How to Enable Cloudflare Flexible SSL On WordPress (2022)
Having a secure site is pretty much a standard now in 2022.
Aside from improving your SEO (confirmed by Google) as a ranking factor, it eliminates insecure site browser warnings that are now popping up in modern versions of Chrome, Safari, etc, and having a truly secure site helps to keep the web more secure.
But, some sites don’t need full SSL certificate installations because they don’t deal with any truly sensitive information (like private information or payments.)
In these situations, Cloudflare’s Flexible SSL setting will suffice. BUT – if set up incorrectly, it can cause redirect loops and insecure/mixed content errors.
I’ll walk you through how to set it up here!
1. Put your site on Cloudflare
The free plan will do. Just sign up for a free account, point your Nameservers, ensure your DNS zone records are correct (check your current DNS provider to make sure it’s bringing everything over), and wait for the Nameservers to update worldwide.
2. Go to the SSL section of Cloudflare and set up Flexible SSL
3. Modify “Edge Certificates” Settings
Back on the left hand side under the SSL section, click on “Edge Certificates.”
In here, you’re going to turn a few things ON. The ON toggle will look green when it’s on, like this:
Turn the following settings ON:
A) Set “Always Use HTTPS” to ON
B) Set “TLS 1.3” to ON
C) Set “Automatic HTTPS Rewrites” to ON
4. Enable Universal SSL
On that same page, at the very bottom, enable Universal SSL. To do this you’ll click a blue button. Accept the default settings it gives you. Note that any subdomains will also be set to SSL with this part of the Cloudflare setup.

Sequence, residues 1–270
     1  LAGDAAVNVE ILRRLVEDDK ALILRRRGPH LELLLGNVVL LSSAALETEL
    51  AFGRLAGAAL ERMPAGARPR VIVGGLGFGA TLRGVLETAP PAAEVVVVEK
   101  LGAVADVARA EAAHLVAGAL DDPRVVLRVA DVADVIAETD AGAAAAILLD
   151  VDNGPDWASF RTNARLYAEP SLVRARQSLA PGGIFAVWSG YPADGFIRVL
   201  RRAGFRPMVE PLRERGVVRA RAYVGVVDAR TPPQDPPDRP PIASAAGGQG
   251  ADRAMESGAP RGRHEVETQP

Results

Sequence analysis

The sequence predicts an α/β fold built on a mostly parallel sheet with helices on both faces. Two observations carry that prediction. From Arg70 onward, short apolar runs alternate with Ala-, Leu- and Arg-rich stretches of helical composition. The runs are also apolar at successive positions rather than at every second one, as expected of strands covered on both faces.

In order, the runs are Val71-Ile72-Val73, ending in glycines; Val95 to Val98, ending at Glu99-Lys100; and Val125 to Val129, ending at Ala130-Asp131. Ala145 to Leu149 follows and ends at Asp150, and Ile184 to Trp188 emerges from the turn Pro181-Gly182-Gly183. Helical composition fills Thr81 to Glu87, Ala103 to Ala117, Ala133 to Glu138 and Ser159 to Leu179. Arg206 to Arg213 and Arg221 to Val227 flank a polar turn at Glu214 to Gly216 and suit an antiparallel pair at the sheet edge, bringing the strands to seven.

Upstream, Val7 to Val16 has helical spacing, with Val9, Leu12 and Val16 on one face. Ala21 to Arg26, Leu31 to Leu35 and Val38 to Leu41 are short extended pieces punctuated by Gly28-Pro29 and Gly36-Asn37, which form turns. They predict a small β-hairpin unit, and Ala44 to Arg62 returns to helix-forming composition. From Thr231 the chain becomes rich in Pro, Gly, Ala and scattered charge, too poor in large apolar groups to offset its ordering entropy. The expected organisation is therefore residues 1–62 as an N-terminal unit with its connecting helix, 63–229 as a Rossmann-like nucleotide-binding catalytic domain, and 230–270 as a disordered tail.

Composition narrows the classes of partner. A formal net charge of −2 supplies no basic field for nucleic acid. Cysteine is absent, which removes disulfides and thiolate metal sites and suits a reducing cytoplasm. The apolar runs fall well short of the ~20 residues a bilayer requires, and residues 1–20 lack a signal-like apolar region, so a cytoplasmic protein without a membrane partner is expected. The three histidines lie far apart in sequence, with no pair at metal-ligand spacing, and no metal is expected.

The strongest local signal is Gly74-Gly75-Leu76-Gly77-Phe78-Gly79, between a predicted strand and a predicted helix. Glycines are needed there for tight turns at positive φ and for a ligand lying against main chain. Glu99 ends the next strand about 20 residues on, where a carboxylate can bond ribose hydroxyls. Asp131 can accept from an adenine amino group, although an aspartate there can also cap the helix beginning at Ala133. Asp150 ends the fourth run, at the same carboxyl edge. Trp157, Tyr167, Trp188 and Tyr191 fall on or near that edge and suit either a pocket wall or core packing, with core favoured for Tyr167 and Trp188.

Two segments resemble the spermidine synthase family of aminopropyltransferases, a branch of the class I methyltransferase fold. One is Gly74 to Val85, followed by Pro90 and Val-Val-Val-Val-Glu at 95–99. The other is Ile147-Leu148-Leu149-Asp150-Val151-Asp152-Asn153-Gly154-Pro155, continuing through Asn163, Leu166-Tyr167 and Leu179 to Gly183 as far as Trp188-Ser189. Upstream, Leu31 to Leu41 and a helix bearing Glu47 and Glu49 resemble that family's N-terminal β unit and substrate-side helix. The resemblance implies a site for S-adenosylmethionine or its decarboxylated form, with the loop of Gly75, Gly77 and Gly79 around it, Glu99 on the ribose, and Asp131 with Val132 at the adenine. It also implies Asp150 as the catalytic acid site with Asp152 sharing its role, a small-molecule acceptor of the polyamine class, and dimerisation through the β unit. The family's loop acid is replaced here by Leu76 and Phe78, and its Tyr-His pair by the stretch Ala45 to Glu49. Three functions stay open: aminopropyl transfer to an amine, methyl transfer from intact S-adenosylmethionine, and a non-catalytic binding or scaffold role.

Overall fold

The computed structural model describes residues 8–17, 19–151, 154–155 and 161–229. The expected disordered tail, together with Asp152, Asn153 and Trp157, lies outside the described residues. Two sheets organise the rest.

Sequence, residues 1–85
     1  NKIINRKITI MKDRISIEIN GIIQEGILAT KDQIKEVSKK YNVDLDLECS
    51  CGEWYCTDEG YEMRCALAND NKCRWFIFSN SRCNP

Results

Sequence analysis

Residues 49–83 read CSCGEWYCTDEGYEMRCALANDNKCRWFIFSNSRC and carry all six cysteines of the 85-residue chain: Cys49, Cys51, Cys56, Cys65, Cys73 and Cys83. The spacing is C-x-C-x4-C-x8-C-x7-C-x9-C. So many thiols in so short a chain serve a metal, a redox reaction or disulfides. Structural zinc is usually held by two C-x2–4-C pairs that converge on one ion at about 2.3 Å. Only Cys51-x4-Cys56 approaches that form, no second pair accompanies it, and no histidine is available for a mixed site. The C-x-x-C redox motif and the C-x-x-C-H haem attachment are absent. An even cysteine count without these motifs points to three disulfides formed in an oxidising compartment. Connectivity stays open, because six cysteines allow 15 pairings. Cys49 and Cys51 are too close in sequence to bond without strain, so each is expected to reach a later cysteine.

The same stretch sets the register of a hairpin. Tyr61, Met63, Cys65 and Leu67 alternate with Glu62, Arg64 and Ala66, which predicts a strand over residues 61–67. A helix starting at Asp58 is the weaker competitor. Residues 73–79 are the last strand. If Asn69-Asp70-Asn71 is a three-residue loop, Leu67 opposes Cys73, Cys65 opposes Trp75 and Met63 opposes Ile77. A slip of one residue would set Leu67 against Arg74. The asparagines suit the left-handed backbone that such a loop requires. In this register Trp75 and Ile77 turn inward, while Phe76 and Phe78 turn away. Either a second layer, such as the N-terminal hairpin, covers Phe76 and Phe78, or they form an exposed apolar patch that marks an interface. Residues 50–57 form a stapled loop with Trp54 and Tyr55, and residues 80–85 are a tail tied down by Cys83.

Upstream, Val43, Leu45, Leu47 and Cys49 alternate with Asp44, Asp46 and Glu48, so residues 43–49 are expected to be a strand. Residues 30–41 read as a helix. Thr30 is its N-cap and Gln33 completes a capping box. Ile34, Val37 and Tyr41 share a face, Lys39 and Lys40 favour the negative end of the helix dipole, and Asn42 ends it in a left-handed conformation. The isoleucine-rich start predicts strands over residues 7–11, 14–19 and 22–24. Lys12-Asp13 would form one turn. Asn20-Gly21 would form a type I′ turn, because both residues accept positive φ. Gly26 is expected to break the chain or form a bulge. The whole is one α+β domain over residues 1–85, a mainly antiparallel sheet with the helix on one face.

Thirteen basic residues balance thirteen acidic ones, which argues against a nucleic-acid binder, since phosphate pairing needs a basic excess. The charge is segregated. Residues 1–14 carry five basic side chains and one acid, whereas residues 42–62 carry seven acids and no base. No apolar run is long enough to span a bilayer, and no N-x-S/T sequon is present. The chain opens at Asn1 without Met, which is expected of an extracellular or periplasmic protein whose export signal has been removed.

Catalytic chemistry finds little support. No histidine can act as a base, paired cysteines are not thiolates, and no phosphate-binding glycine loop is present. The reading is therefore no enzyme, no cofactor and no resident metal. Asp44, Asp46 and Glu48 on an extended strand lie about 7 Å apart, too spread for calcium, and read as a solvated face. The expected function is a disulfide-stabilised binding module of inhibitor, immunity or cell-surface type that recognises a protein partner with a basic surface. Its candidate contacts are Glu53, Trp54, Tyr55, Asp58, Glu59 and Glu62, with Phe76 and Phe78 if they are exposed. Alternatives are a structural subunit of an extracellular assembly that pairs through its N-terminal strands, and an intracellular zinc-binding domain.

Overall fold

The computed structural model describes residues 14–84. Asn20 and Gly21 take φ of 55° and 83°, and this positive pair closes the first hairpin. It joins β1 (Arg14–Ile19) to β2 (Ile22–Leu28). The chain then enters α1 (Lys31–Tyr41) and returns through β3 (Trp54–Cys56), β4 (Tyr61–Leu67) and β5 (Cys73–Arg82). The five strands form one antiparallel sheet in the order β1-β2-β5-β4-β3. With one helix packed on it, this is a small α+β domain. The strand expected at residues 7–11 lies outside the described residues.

5. Edit your WordPress site address to include https
In your WordPress admin area, click Settings in the left hand site.
Change your WordPress Site Address (not WordPress address) to begin with https.
6. Install & Activate “Really Simple SSL” Plugin
With the above settings, I was seeing 99% of the SSL functionality I needed. But the site had some content and loading issues.
Installing and activating Really Simple SSL solved that. Go add it in your WordPress plugins and activate it.
That’s it! The latest Cloudflare Flexible SSL settings tend to take care of the common redirect loop issues themselves, but the Really Simple SSL plugin seems to round things out with any common other SSL errors.
I can’t guarantee this will work for all websites, but this is what’s working for me right now.
Questions? Problems? Comment below.